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  • replied
    Originally posted by jonimake View Post
    Well then I'm quite astonished, since everything suffers from it. Directional lights look particularly ugly on relatively clean flat surfaces when the surface and light direction are close to perpendicular. http://i.imgur.com/pXwuHX2.png
    I was just as surprised as you are now that unreal doesn't have this standard feature. It makes no sense at all.

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  • replied
    [MENTION=738]Daniel.Wenograd[/MENTION], Yes I remember we had to manually download resource compiler form the thread and copy it to it's location.

    Regarding DFAO, CryEngine 2 (2007) had sky occlusion, very cheap and clean, without any artifacts regardless of mesh scale. http://docs.cryengine.com/display/SD...ient+Occlusion
    And now CryEngine 5 has large scale AO + SVOGI. http://docs.cryengine.com/download/a...5668000&api=v2

    What I don't understand is, Why Cryengine with 16 landscape layers, POM everywhere with 256 steps, Dynamic lights, Volumetric Lighting, Volumetric fog, Volumetric Clouds, Dynamic shadows with 7 cascades, Real time G.I, Large scale AO, SSDO and all that stuff, still runs -faster- than UE4.

    I'm not pro crytek or pro cryengine, in fact I have very opposite thoughts with crytek. But when they do something with engine, they do it properly. But here when you say why this is slow, most answers are like Ooooch! you have 10 dynamic lights you should cut them down or turn off shadow casting! But nobody thinks about the fact that 14,716 dynamic lights were placed throughout Crysis 3's 8 levels, 54.55% of them were shadow casting (think about the numbers), meaning out of 14,716 dynamic lights around 8027 of them were shadow casting lights, divided by 8 levels it means 1 map had around -1000- shadow casting lights and -827- non shadow casting lights. In the same game, in an interior, -150- dynamic lights cost only 4ms and that's on an outdated GTX 680 that's way below the bottom of the barrel today. Just think about the numbers.

    With that said, I have no idea why Epic does not try to improve dynamic lighting or even don't want to acknowledge there's anything wrong with it, let alone the improvement. At least can someone from Epic leave a reply on this 4 year old shadowing problem.

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  • replied
    Originally posted by Zeblote View Post
    Yes. Fixing things like that is what slope bias is for.
    Well then I'm quite astonished, since everything suffers from it. Directional lights look particularly ugly on relatively clean flat surfaces when the surface and light direction are close to perpendicular. http://i.imgur.com/pXwuHX2.png

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  • replied
    Originally posted by jonimake View Post
    Would slope bias help with cases like this? http://i.imgur.com/SLTGKHs.png
    Yes. Fixing things like that is what slope bias is for.

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  • replied
    Would slope bias help with cases like this? http://i.imgur.com/SLTGKHs.png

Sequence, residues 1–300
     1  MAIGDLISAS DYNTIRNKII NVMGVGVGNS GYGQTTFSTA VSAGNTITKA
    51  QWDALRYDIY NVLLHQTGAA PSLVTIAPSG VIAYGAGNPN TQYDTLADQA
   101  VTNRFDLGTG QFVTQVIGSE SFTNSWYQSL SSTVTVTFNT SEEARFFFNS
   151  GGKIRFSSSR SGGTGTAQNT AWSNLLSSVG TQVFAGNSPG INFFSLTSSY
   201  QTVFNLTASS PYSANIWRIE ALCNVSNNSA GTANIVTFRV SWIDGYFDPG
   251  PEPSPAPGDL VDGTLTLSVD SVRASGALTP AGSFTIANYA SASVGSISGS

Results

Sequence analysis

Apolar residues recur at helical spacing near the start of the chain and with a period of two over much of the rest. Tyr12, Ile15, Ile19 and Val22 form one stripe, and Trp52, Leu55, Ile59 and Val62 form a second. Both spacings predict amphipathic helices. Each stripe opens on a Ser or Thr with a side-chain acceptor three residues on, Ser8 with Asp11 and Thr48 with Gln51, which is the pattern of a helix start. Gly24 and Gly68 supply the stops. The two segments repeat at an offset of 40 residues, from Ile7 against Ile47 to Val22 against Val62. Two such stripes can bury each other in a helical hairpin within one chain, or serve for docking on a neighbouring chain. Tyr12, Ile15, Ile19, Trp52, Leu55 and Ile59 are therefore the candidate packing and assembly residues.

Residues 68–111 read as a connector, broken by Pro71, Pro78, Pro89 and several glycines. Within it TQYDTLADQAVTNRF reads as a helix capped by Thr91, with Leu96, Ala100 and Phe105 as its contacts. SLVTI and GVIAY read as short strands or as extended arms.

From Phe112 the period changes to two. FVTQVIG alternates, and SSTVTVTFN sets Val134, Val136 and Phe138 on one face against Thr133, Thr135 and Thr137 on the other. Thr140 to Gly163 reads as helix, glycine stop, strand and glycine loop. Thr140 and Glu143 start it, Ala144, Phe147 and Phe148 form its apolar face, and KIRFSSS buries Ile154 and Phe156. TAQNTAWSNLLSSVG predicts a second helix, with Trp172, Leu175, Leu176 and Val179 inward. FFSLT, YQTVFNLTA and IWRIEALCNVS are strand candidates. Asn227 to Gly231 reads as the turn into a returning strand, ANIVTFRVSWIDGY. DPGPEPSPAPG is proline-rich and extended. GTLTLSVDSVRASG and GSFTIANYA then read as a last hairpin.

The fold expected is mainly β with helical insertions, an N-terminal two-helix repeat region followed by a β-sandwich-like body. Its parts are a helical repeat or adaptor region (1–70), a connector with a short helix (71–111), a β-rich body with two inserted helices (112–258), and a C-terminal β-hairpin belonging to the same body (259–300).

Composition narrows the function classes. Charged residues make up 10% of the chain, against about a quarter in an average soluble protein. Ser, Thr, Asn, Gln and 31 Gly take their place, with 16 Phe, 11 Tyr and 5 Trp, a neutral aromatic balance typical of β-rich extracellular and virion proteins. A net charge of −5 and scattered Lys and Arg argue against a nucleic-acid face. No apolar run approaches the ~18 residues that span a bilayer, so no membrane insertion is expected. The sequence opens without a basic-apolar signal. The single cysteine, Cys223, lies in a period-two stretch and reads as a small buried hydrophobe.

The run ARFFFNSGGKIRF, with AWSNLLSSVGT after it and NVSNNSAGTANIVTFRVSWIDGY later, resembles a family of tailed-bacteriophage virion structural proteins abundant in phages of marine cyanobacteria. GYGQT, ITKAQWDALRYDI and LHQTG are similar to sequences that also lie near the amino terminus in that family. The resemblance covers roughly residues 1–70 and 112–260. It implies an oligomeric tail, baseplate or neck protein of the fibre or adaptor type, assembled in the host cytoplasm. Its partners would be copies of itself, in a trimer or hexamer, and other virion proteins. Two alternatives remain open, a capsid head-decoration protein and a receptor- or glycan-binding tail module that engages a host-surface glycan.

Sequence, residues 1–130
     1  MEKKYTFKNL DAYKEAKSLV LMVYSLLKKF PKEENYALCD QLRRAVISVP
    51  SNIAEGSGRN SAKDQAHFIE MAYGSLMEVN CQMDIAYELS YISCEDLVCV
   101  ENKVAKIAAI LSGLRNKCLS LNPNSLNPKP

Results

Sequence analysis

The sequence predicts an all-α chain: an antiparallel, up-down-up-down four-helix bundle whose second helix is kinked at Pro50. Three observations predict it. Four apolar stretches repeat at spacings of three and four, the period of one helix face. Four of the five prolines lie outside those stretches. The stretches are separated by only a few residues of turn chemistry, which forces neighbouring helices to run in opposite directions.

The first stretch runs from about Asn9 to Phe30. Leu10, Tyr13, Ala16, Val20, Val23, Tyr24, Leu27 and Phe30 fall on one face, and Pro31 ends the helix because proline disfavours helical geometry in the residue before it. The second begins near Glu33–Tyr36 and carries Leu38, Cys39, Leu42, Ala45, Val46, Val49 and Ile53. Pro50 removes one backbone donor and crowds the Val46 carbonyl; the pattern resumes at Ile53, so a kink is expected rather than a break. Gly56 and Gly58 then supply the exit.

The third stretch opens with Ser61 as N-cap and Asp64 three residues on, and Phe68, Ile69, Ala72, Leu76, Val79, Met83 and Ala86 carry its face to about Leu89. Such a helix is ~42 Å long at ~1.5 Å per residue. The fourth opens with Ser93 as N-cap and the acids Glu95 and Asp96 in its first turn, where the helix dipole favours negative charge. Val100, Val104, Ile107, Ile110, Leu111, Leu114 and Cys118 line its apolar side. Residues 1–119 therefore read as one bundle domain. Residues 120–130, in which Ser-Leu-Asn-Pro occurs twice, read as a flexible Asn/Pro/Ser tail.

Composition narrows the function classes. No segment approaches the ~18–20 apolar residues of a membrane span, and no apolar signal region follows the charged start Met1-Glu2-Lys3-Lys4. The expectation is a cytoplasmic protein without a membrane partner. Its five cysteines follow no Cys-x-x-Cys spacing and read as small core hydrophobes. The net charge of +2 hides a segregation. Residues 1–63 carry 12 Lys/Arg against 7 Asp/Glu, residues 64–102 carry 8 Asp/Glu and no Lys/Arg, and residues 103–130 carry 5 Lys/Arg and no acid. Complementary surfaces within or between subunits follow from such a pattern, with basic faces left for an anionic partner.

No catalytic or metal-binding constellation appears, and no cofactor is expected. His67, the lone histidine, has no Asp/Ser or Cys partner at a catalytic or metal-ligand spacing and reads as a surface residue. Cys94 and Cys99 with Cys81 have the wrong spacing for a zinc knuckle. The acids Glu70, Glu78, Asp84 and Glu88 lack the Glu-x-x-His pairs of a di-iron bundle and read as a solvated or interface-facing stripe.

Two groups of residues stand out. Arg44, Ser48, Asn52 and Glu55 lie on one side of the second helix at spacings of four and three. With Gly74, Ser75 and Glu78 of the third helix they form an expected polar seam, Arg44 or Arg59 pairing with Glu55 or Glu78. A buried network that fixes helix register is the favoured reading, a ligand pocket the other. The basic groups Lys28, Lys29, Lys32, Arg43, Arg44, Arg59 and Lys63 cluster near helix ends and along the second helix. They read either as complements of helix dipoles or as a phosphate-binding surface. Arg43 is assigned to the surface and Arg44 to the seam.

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  • replied
    Frankly, I do not understand objective reason for dropping out SlopeScaledDepth bias. It was primary designed to overcome this kind of artifacts. Changing it surely requires additional rasterizer state change, but I refuse to believe not doing it is worth the visual regression. I would be happy just to know the reasoning behind it for I might be overlooking something.

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  • replied
    Originally posted by Chosker View Post
    we're both hinting at the same thing: Unreal's graphics not being optimized enough. however I don't think Crysis 2 had DFAO, which is also costly in UE4.
    but I'm just saying that adding more features on top will just make it slower, and as such will only be considered "high end" - even though as you say, it was "high end" 6 years ago which nowadays should be "mid range"
    DFAO is new, yes. I may be wrong, but if the UE4 wasn't the first engine to have it, it was certainly the first I've heard of it. It's an amazing system for ambient occlusion, I'm glad it exists.

    And just to make one thing completely clear, myself and I'm sure Maximum-Dev are on the same page when I say we left using the CryENGINE for a reason. Unreal's actual tools are superior in almost every way to what the CryENGINE had, I even remember a release where the resource compiler to import assets was broken completely. We don't, or at least I don't, always bring it up to put Unreal down, but to show that the most common problems people have with the engine are possible to solve. Fully dynamic scenes don't -need- to be the performance killer it currently is on even top of the line hardware. Tessellation and POM don't -need- to be features you only use as a last resort. Dynamic shadow penumbras don't -need- to be a high end feature only.

    Even a GTX 950, the lowest end desktop video card of that series, beats a GTX 480 in performance, it's completely outclassed in every way. It isn't even "mid range" anymore, it's bottom of the barrel.

    These 'high end' features need a serious look from Epic on their performance. Things like dynamic shadows are so heavy that part of me actually suspects a second pass to put PCSS support in them will somehow lead to them getting faster just from finding something slowing it down.

    I sincerely hope that things start to get better. Every single person using the engine will only benefit from it.

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  • replied
    Originally posted by Daniel.Wenograd View Post
    Every single feature you just listed was in Crysis 2. Crytek did -exactly- what you're describing 6 years ago in fully dynamic scenes and got 60 fps performance on high end hardware of the day. The UE4's -minimum- recommended requirements exceed what Crysis 2 needed for its highest settings to get all of those fancy effects at 60 fps.